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SWINGERS

“You’re so money, baby, and you don’t even know it.” If there were a ranking of the best pep talks in movies, this line would jump right in. Delivered by overconfident Trent to his shy friend Mike, it is one of the countless memorable quotes from Swingers, an era-defining indie gem that came out 25 years ago.

The plot is simple, like with most good things. Mike (played by Jon Favreau, also the writer) has recently moved to Los Angeles to pursue his dream career: acting. Like most of his friends, he is having a tough time landing a part. All while living in an alien city whose slang and dress code he is still learning. However, his main preoccupation is love: six months after breaking up with his long-time girlfriend, Mike is still unable to move on (or even get a call back). Luckily, he has a solid group of mates who are hell-bent on getting him back in the action: sulking at home is simply not going to be an option.

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Swingers (1996) is many things at once. First and foremost, it is possibly the best post breakup movie ever made: you put it on and you immediately forget your sorrows - catapulted into a world of camaraderie, impromptu trips to Las Vegas and aimless driving around. It’s also a fascinating time capsule of the swing revival scene in the mid-90s. You know – bowling shirts, Goodfellas quotes, mind-blowing dance skills. What else? Scratch the surface of bravado and chest thumping, and you see Swingers is actually an honest and sweet movie that deals with male insecurity, societal expectations – and above all: bonding.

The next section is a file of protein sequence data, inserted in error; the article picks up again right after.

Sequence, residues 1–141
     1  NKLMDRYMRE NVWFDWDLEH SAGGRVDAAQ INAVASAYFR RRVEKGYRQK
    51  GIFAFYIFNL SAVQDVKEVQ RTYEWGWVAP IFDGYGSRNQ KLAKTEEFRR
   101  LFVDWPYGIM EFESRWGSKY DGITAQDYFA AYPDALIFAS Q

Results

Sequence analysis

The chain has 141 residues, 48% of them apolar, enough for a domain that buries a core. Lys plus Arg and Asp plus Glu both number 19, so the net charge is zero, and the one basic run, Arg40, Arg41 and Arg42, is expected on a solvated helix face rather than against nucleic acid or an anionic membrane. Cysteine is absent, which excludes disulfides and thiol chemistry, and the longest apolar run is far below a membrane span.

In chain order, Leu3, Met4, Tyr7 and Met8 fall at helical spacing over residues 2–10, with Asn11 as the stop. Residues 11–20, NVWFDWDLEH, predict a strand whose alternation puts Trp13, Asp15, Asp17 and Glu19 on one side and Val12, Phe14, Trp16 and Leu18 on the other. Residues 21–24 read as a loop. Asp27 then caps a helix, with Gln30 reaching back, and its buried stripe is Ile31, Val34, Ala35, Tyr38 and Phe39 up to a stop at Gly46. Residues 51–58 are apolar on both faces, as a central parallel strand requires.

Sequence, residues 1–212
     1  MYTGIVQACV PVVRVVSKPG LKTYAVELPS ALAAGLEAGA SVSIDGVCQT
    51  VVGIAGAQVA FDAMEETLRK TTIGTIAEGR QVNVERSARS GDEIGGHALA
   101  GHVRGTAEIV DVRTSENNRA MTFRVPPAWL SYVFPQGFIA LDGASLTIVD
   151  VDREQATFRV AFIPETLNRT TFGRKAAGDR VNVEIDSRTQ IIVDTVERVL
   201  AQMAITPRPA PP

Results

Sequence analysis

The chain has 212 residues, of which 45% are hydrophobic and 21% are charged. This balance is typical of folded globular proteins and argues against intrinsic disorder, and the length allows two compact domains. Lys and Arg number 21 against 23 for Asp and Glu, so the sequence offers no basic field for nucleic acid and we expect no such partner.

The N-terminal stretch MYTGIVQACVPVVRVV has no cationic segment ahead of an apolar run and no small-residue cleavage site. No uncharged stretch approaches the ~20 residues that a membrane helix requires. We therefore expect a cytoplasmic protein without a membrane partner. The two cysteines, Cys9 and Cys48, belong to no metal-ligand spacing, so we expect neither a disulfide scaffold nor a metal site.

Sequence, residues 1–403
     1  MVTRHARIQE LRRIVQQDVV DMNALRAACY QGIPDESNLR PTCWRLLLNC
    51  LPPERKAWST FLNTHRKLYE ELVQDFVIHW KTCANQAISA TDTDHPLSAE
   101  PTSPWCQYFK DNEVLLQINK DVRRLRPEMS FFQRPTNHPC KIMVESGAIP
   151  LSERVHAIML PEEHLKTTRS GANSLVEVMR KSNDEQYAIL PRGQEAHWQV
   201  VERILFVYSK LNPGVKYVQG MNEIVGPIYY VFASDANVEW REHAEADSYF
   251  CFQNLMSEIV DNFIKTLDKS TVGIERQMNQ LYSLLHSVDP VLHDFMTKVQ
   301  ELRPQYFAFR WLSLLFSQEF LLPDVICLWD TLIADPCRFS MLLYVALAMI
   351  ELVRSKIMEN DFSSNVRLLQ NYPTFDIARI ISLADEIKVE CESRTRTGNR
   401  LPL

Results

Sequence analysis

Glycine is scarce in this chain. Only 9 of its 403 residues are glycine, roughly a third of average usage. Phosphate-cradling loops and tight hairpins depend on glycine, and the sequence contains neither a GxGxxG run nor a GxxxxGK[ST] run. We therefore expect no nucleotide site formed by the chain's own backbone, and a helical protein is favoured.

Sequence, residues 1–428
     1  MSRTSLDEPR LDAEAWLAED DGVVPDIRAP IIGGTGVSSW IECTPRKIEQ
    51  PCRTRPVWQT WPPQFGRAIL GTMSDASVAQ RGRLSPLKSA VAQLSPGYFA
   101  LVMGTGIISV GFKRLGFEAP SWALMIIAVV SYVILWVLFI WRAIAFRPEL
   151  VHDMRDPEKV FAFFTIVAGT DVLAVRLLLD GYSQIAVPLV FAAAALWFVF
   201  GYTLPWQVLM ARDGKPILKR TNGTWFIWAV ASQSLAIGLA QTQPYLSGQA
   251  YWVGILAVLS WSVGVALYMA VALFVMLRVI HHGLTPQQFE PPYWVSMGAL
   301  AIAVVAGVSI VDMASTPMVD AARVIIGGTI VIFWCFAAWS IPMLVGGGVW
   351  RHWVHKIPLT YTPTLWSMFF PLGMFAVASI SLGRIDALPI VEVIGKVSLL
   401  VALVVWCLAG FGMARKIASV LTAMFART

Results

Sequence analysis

After what feels like a lifetime of quarantining, we have all gotten a bit rusty at social relationships. The lucky among us have been kept afloat by stubborn friends who will keep calling us, and who show up for a (well-distanced) walk in the park. Swingers reminds us of how vital it is to surround ourselves with friends. It also pokes (a lot of) fun at dating rituals, and in particular breaking the ice with strangers. As we witness Mike’s awkward attempts, we cross our fingers when things look promising, and we scream “Oh you don’t say THAT!” at the screen when he screws up.

Swingers gets more interesting the more you know about its production. The movie was Favreau’s very first attempt at screenplay writing, and it took him a mere week and a half to wrap it up (it helped that it’s semi-biographical). Budget was so tight that the crew rarely asked for permission to film inside the packed music venues that feature so frequently – they just went in and hoped for the best. Speaking of music: more money was spent on securing song licenses than on anything else. And… no doubles: the real actors learned how to swing dance just for the movie. One final nugget: there’s an odd scene where Mike is on the phone, goes to the fridge, opens it, talks a little more, then closes it – the only reason for that was that the room had awful lighting and the fridge’s lamps were necessary to see the characters. Total bill: $250,000. Sold to Miramax for $5 million.

Still from: “Swingers (1996) Official Trailer #1 - Vince Vaughn, Jon Favreau Comedy”, uploaded by Movieclips Classic Trailers to YouTube.com